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When I had said this I supposed that I was done with the subject, but it all turned out to be only a prelude. For Glaucon, who is always an intrepid enterprising spirit in everything, would not on this occasion acquiesce in Thrasymachus's abandonment1 of his case, but said, “Socrates, is it your desire to seem to have persuaded us [357b] or really to persuade us that it is without exception better to be just than unjust?” “Really,” I said, “if the choice rested with me.” “Well, then, you are not doing what you wish. For tell me: do you agree that there is a kind of good2 which we would choose to possess, not from desire for its after effects, but welcoming it for its own sake? As, for example, joy and such pleasures are harmless3 and nothing results from them afterwards save to have and to hold the enjoyment.” [357c] “I recognise that kind,” said I. “And again a kind that we love both for its own sake and for its consequences,4 such as understanding,5 sight, and health?6 For these presume we welcome for both reasons.” “Yes,” I said. “And can you discern a third form of good under which falls exercise and being healed when sick and the art of healing and the making of money generally? For of them we would say that they are laborious and painful yet beneficial, and for their own sake [357d] we would not accept them, but only for the rewards and other benefits that accrue from them.” “Why yes,” I said, “I must admit this third class also. But what of it?” “In which of these classes do you place justice?” he said.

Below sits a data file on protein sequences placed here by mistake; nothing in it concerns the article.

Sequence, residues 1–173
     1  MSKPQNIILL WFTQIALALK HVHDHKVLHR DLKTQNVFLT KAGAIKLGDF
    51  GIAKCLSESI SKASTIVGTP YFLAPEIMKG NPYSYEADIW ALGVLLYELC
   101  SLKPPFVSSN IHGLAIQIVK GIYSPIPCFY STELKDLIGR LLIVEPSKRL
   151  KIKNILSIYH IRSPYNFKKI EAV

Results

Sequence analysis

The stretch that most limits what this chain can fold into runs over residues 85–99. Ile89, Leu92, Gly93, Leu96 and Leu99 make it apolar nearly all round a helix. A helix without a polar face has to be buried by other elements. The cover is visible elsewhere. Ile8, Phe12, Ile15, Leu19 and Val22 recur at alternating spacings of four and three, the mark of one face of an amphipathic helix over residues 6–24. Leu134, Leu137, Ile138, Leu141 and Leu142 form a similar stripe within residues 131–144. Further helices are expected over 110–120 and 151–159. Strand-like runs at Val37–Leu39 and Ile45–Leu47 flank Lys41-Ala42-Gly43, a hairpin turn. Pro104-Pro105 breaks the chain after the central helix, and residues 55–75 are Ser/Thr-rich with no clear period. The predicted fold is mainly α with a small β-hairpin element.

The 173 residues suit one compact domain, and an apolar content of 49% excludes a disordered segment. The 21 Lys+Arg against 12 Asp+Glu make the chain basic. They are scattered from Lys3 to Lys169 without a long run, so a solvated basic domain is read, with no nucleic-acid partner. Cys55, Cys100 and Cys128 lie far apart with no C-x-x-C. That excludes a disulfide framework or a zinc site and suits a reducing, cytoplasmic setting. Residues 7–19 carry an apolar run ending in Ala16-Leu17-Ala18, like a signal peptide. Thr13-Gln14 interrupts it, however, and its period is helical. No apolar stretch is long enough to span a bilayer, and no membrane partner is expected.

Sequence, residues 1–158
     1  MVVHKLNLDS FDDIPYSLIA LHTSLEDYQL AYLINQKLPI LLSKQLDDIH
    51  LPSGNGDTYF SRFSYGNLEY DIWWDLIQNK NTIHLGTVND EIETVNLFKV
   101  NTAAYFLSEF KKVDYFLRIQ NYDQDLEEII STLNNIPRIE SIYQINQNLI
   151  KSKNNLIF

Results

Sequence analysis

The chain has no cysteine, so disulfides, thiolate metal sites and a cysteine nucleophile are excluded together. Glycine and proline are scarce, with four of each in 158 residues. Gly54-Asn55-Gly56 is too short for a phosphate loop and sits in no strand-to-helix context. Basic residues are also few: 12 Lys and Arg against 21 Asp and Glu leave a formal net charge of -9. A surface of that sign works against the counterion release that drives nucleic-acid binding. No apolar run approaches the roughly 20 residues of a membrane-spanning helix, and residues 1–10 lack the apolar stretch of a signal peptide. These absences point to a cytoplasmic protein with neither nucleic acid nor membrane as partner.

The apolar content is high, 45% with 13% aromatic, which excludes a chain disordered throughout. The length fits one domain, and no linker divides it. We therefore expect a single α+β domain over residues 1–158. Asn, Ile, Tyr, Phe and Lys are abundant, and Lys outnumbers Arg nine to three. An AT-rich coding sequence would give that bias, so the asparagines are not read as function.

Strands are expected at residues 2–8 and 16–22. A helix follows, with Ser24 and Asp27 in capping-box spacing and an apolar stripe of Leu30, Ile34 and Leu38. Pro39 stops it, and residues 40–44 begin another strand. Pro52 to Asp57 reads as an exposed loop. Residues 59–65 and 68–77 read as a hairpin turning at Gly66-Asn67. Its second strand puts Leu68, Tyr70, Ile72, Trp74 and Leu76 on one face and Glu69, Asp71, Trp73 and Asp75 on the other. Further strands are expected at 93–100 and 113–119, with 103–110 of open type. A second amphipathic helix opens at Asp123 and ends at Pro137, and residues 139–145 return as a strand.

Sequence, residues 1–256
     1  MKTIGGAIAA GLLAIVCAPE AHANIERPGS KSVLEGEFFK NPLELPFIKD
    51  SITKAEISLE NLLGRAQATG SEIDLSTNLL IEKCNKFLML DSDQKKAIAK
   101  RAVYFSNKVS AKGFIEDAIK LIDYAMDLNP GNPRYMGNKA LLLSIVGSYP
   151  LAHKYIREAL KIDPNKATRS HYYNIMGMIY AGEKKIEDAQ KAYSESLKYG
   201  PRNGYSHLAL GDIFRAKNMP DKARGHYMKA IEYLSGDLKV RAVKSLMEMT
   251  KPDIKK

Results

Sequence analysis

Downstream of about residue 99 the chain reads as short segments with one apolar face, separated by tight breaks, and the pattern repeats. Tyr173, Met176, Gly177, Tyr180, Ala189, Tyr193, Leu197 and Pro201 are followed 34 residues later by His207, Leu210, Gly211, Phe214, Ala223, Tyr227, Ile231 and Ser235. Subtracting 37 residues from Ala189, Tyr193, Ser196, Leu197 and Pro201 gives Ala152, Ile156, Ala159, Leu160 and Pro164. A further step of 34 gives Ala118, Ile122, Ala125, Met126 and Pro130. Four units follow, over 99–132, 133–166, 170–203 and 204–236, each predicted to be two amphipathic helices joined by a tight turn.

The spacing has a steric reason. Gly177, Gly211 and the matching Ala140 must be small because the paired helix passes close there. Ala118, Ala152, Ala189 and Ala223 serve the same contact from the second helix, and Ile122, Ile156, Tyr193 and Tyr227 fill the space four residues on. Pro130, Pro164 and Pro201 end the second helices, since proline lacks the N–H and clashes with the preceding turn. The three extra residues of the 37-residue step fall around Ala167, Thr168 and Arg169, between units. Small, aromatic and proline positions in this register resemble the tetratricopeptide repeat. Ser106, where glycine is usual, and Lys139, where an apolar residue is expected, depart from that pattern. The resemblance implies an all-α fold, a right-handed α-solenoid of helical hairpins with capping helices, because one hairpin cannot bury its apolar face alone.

1 So in Philebus 11 C, Philebus cries off or throws up the sponge in the argument.
2 Aristotle borrows this classification from Plato (Topics 118 b 20-22), but liking to differ from his teacher, says in one place that the good which is desired solely for itself is the highest. The Stoics apply the classification to “preferables” (Diogenes Laertius vii. 107). Cf. Hooker, Eccles. Pol. i. 11. Elsewhere Plato distinguishes goods of the soul, of the body, and of possessions (Laws 697 B, 727-729) or as the first Alcibiades puts it (131) the self, the things of the self, and other things.
3 Plato here speaks of harmless pleasures, from the point of view of common sense and prudential morality. Cf. Tim. 59 Dἀμεταμέλητον ἡδονήν, Milton's “Mirth that after no repenting draws.” But the Republic(583 D) like the Gorgias(493 E-494 C) knows the more technical distinction of the Philebus(42 C ff., 53 C ff.) between pure pleasures and impure, which are conditioned by desire and pain.
4 Isocrates i. 47 has this distinction, as well as Aristotle.
5 Some philosophers, as Aristippus (Diogenes Laertius x. 1. 138), said that intelligence is a good only for its consequences, but the opening sentences of Aritotle's Metaphysics treat all forms of knowledge as goods in themselves.
6 Plutarch (1040 C) says that Chrysippus censured Plato for recognizing health as a good, but elsewhere Plato explicitly says that even health is to be disregarded when the true interests of the soul require it.
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